Best Local Albums of 2019
Three Erie-made full-length records you won't want to miss
Fred Oakman – My Gasoline Heart
Songwriter Fred Oakman has made one of the fullest, most accessible local records in recent memory. This year, the mastermind behind One If By Land, Signal Home, and The Twirpentines released his first full-length under his own name. Backed by the heartbreakingly tasteful fellow musicians known as "The Flood," Oakman sets out on an alt-country journey that only a punk rocker would think to travel. With unforgettable hooks and reverential ruminations, it's an album underscored by passion and honesty. Oakman's gravelly voice and delivery is perfectly suited for fans of Hot Water Music, Drag the River, and Rocky Votolato. With two decades of songwriting practice under his belt, Oakman is able to craft melodies with ease, telling stories and evoking a bittersweet nostalgia that the listener will be thankful for.
Buy and hear the album at fredoakman.bandcamp.com, and find him at facebook.com/fredoakman.
The LEC – Reset
What is bursting with fun and freshness? The LEC's newest album, Reset. Showcasing some of the best music they've ever done, part of the trick for The LEC is harnessing that elusively exuberant party atmosphere their live shows always bring. A six-piece group with two emcee frontmen working intensely with a full band, The LEC have always been difficult to define, yet easy to love. The album title is no coincidence, as the band goes back to basics, with fewer traditional choruses and less spacey jams. There's a definitive groove that underpins the record, an atmosphere at times rightfully boisterous (the opening track "Optimism"), and at others, relaxingly laid back ("Cyber Escape"). Following up to 2016's Whole Again, the group finds themselves with an updated, yet familiar lineup, all ready together at a new stage.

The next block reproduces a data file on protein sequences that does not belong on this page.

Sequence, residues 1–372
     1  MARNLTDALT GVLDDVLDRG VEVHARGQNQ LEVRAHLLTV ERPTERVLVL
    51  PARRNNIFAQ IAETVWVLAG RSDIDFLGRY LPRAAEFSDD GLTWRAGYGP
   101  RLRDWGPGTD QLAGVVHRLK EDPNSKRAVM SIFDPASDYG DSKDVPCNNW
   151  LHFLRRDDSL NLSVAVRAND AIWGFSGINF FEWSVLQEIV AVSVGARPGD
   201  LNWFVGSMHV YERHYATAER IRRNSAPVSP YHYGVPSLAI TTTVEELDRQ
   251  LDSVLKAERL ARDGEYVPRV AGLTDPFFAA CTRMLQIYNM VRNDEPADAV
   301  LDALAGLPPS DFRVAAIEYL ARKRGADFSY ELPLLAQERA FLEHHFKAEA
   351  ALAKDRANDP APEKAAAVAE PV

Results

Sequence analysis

Buy and hear the album at thelec.bandcamp.com, and find them at facebook.com/thelecmusic.
Human Delusion – Depravity
With tight, captivating riffs and soaring compositions, Human Delusion's ten-track album grabs you by the neck and points your head up to watch the skies. The record's 43 minutes go by remarkably fast, leaving listeners thirsty for more. Working in the melodic death metal world, they bust out hardcore breakdowns (check out the savage opening to "Midnight"), and rhythmically hypnotic passages (like the fist-pumping verses in "Giants) that will have you air-drumming within minutes. Channeling the likes of Children of Bodom and Darkest Hour, Human Delusion (formerly known as Primal Scream Therapy) make their own aesthetic, rife with cosmic psychedelia and red-and-black stage costumes. And as a bonus: For those of you who want a taste without the growlingly sinister vocals, the band has even added a five-track instrumental version of the album.
Buy and hear the album at humandelusion.bandcamp.com, and find them at facebook.com/humandelusion.
Nick Warren enjoys playing guitar and wants to hear your local records. Send them over to firstname.lastname@example.org